Gorbachev's successor, Vladimir Putin, suppressed the Chechen insurgency although sporadic violence still occurs throughout the Northern Caucasus. High oil prices followed by increasing domestic demand, consumption, and investments has helped the economy grow for nine straight years, improving the standard of living for the Russian people.
In September 2015, Russia started military intervention in the Syrian Civil War, consisting of air strikes against militant groups of the Islamic State, al-Nusra Front (al-Qaeda in the Levant), and the Army of Conquest.
Emperor since 1981
Prime Minister since 2012
The reigning Emperor (or Tsar) is the head of state and represents Russia in its international relations. The Tsar may veto laws adopted by parliament. The Tsar can call referenda, propose new legislation, and dissolve parliament, although dissolution of parliament may be subject to a referendum. The current Tsar is Andrew II, who has reigned since 1981. Due to his age, his son, Tsarevich Alexei, currently acts as regent.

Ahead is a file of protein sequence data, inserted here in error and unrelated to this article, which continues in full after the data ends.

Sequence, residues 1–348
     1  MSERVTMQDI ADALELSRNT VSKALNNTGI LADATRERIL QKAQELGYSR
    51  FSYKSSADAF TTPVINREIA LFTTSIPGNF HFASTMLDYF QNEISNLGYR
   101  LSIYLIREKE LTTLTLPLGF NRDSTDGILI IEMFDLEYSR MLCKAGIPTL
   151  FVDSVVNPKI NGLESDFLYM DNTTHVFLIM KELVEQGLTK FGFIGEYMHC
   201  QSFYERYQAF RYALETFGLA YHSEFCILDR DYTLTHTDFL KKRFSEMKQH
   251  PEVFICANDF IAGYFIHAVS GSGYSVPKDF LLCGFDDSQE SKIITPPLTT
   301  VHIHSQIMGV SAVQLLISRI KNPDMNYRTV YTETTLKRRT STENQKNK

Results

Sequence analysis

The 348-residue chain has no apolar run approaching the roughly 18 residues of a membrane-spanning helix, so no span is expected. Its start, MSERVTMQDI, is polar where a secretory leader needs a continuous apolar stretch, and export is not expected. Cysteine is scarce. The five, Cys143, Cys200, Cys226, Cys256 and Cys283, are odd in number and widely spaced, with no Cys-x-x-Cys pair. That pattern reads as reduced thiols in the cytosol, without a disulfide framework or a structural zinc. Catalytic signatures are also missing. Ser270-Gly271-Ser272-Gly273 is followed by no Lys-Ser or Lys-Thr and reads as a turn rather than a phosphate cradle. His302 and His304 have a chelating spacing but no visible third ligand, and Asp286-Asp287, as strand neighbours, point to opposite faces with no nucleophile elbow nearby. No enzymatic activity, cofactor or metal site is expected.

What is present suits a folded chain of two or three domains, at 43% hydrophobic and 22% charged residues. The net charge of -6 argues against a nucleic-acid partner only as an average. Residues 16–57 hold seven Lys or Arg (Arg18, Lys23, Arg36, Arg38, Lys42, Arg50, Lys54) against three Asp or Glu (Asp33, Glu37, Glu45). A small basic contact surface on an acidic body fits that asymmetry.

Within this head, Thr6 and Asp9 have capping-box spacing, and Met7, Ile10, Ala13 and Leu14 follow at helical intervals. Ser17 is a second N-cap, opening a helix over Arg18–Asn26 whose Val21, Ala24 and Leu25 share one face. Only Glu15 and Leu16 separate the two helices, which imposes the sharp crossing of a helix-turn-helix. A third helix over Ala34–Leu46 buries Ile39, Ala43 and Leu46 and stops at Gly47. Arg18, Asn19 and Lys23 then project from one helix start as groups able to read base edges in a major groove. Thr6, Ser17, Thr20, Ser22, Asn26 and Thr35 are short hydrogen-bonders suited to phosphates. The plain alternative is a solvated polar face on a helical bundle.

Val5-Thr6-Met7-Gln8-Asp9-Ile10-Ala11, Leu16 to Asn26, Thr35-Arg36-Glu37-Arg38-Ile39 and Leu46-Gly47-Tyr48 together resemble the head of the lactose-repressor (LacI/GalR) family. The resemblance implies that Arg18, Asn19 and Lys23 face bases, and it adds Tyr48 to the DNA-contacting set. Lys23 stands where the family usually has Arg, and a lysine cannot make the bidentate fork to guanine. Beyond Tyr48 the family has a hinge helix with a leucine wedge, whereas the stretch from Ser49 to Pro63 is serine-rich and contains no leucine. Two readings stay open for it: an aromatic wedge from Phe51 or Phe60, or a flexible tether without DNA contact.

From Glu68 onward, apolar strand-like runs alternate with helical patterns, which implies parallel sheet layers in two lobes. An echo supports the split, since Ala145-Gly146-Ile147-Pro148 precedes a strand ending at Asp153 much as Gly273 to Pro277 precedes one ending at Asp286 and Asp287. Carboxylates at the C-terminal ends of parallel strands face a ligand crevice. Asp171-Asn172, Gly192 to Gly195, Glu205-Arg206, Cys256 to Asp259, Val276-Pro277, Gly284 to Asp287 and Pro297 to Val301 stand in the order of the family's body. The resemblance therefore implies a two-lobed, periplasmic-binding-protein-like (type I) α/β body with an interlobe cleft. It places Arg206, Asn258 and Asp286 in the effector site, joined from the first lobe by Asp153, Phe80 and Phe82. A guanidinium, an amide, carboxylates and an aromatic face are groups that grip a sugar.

The Prime Minister, Vladimir Putin, is the head of government and exercises executive power. The bicameral Federal Assembly of Russia, made up of the 450-member State Duma and the 166-member Federation Council, adopts federal law, declares war, approves treaties, has the power of the purse and the power to remove the Prime Minister from power.
Russia has a multifaceted foreign policy. As of 2009, it maintains diplomatic relations with 191 countries and has 144 embassies. The foreign policy is determined by the Prime Minister and implemented by the Ministry of Foreign Affairs of Russia.